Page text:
The Elizabeth Dixon investigation - Learning from clinical error07/12/20
In his investigation report, Dr Bill Kirkup describes the life and death in 2001 of 11-month old Elizabeth Dixon as a “catalyst for change”. The report identifies multi-agency system failures in Elizabeth’s short life and the investigation of the circumstances of her death. Twelve recommendations are made, which span NHS and private healthcare, regulators, Royal Colleges, police and the justice system itself. In this insight, we summarise a number of themes emerging from the recommendations.
Safety and learning
The report identifies the need for:
- Clear communication between clinicians, particularly at handover.
- Training in clinical error (including reactions and responses to it) and investigation to be part of the core curriculum for clinicians.
- Removing blame from discussions around clinical error, which should be “openly disclosed, investigated and learned from”.
Lack of communication or misunderstanding between clinical teams is a common feature of clinical negligence claims. It is often compounded by inadequate medical records. A comprehensive handover is essential to the continuity of care and a full clinical record of key information is vital to good patient care. Healthcare providers should ensure that the duty of candour is embedded in their organisations. When errors occur, openness, transparency and learning should be the focus rather than the attribution of blame. Staff should receive regular training on the duty and the investigation of serious incidents.
The report recommends that:
- When the NHS commissions services from the private sector, clinical governance requirements are made explicit.
- Complaints should be integrated into the NHS clinical governance structure.
- There should be clear signposting to help families navigate the multiplicity of organisations available to deal with complaints when things go wrong.
The need for cross-sector governance arrangements was identified in the Paterson Inquiry Report as crucial to prevent future harm. The Parliamentary and Health Service Ombudsman (PHSO) review in July 2020, entitled ‘Making Complaints Count’, means that changes are likely to be made to local health service complaints systems. In an interview with the Health Service Journal (HSJ), Dr Kirkup explained that he envisaged a Commissioner of Independent Investigation to hear appeals from families and with the power to set up the right sort of investigation.
Delivery of care
Elizabeth’s post-natal problems included hypertension. Subsequently, deficiencies were identified in her post-discharge care planning. The report notes that hypertension is often under-recognised in infants and inconsistent management can lead to significant complications. The report recommends:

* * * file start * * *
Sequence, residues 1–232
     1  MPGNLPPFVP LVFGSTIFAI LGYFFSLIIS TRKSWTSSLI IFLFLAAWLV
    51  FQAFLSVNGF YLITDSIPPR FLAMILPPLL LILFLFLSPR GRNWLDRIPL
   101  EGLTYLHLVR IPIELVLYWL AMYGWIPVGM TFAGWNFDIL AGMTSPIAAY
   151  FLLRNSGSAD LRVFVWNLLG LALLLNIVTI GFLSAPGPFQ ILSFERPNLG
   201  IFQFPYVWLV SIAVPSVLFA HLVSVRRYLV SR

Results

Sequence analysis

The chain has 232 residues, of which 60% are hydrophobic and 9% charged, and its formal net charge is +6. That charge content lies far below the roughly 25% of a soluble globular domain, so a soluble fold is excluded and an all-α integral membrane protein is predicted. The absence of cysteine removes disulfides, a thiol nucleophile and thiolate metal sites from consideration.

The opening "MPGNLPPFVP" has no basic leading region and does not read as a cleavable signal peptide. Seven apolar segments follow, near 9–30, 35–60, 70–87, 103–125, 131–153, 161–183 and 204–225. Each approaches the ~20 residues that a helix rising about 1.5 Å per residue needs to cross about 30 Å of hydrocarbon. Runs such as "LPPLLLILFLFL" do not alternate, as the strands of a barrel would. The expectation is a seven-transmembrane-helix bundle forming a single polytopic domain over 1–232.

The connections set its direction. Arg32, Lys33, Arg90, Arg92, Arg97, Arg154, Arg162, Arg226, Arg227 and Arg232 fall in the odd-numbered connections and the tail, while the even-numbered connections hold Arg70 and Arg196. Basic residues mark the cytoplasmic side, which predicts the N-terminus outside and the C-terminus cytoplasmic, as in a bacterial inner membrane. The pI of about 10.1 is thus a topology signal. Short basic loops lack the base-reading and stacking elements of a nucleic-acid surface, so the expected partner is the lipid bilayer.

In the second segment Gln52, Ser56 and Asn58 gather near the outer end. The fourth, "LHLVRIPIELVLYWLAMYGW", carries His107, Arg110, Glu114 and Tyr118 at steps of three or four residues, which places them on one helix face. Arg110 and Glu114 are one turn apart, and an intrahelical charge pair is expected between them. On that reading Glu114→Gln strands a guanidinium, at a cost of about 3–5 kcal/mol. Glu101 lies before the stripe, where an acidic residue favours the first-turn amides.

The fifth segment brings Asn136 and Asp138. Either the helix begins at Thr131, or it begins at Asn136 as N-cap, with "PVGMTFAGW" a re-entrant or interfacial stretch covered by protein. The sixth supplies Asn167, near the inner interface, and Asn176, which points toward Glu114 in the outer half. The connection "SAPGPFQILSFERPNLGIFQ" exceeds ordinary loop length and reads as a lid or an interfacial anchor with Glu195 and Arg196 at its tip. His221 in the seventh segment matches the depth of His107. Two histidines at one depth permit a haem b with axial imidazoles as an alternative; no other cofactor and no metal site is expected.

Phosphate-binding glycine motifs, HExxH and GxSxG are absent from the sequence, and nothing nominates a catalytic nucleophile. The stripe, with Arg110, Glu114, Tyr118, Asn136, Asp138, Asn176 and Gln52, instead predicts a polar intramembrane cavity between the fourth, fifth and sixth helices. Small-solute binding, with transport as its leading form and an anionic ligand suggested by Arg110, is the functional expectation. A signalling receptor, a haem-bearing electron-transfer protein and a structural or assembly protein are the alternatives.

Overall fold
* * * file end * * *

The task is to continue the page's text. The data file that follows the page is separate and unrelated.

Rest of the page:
- A single set of charts showing the acceptable range at different ages / gestations, together with a single protocol to reduce blood pressure safely. A single early warning scoring system should be devised to alert clinicians to a deterioration.
- Community care for patients with complex conditions, or conditions requiring complex care, must be properly planned. Mental or physical disability must not be used to justify / excuse different standards of care.
Dr Kirkup makes it clear that the profile of hypertension in infants needs to be raised. Pending implementation of the recommendations, healthcare providers should review their protocols in this area. Proper discharge planning is integral to safe and effective community care. Commissioners and providers need to ensure that patients with mental or physical disability are treated in an equal and non-discriminatory manner.
These are made around regulatory issues, scrutiny of death and the selection of medico-legal experts. They include mechanisms to:
- Hold individuals to account for the information they provide to the investigation or their failure to co-operate;
- Trigger investigation of wider systemic failures;
- Ensure that medical examiners are properly independent; and
- Review the system for generating clinical expert witnesses (in this context in connection with a police investigation).
What to take away
The events surrounding the tragedy of Elizabeth Dixon predate the Francis Inquiry Report (2013) which led to the statutory duty of candour. However, the report echoes concerns around transparency and openness, governance and learning identified in the Paterson Inquiry Report and the Independent Medicines and Medical Devices Safety Review earlier this year. There is still work to be done to embed the duty of candour in the health service and to learn from clinical error. Although the report’s remit is historic, it highlights the need to seize every opportunity for learning and that this should not be restricted to current incidents, complaints and claims.
How Capsticks can help
Capsticks is a national leader in representing both NHS and private healthcare providers as well as medical malpractice insurers. Our dedicated team is renowned for advising on the defence and resolution of clinical negligence claims, inquests, management of complaints and serious incident investigations/inquires, and providing an innovative outsourcing service for claims and inquests handling.
If you have any queries on the topics discussed in this insight, or the impact on your organisation, please contact Philip Hatherall.